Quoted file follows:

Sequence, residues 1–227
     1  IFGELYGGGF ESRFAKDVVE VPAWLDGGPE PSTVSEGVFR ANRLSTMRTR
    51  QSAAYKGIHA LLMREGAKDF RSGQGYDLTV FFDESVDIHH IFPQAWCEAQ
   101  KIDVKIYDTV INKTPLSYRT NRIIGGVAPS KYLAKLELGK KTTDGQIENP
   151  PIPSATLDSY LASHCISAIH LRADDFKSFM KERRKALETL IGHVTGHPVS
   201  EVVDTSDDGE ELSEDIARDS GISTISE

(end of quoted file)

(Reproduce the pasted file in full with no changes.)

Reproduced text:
Sequence, residues 1–227
     1  IFGELYGGGF ESRFAKDVVE VPAWLDGGPE PSTVSEGVFR ANRLSTMRTR
    51  QSAAYKGIHA LLMREGAKDF RSGQGYDLTV FFDESVDIHH IFPQAWCEAQ
   101  KIDVKIYDTV INKTPLSYRT NRIIGGVAPS KYLAKLELGK KTTDGQIENP
   151  PIPSATLDSY LASHCISAIH LRADDFKSFM KERRKALETL IGHVTGHPVS
   201  EVVDTSDDGE ELSEDIARDS GISTISE